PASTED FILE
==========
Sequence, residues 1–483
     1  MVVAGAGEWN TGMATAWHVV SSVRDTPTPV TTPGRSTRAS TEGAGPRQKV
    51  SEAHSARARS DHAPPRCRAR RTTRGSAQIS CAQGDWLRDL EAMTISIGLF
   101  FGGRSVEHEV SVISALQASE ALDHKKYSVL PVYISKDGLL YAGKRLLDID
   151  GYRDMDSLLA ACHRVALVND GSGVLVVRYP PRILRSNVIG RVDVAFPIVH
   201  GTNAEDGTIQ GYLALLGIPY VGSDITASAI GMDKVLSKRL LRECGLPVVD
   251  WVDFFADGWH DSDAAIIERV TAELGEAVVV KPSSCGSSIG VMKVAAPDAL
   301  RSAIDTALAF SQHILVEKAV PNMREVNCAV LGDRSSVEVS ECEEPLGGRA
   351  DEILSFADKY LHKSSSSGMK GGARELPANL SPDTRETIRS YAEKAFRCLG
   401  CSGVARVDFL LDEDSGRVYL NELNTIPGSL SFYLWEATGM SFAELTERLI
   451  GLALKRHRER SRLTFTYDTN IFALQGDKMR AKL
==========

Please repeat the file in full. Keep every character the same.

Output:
Sequence, residues 1–483
     1  MVVAGAGEWN TGMATAWHVV SSVRDTPTPV TTPGRSTRAS TEGAGPRQKV
    51  SEAHSARARS DHAPPRCRAR RTTRGSAQIS CAQGDWLRDL EAMTISIGLF
   101  FGGRSVEHEV SVISALQASE ALDHKKYSVL PVYISKDGLL YAGKRLLDID
   151  GYRDMDSLLA ACHRVALVND GSGVLVVRYP PRILRSNVIG RVDVAFPIVH
   201  GTNAEDGTIQ GYLALLGIPY VGSDITASAI GMDKVLSKRL LRECGLPVVD
   251  WVDFFADGWH DSDAAIIERV TAELGEAVVV KPSSCGSSIG VMKVAAPDAL
   301  RSAIDTALAF SQHILVEKAV PNMREVNCAV LGDRSSVEVS ECEEPLGGRA
   351  DEILSFADKY LHKSSSSGMK GGARELPANL SPDTRETIRS YAEKAFRCLG
   401  CSGVARVDFL LDEDSGRVYL NELNTIPGSL SFYLWEATGM SFAELTERLI
   451  GLALKRHRER SRLTFTYDTN IFALQGDKMR AKL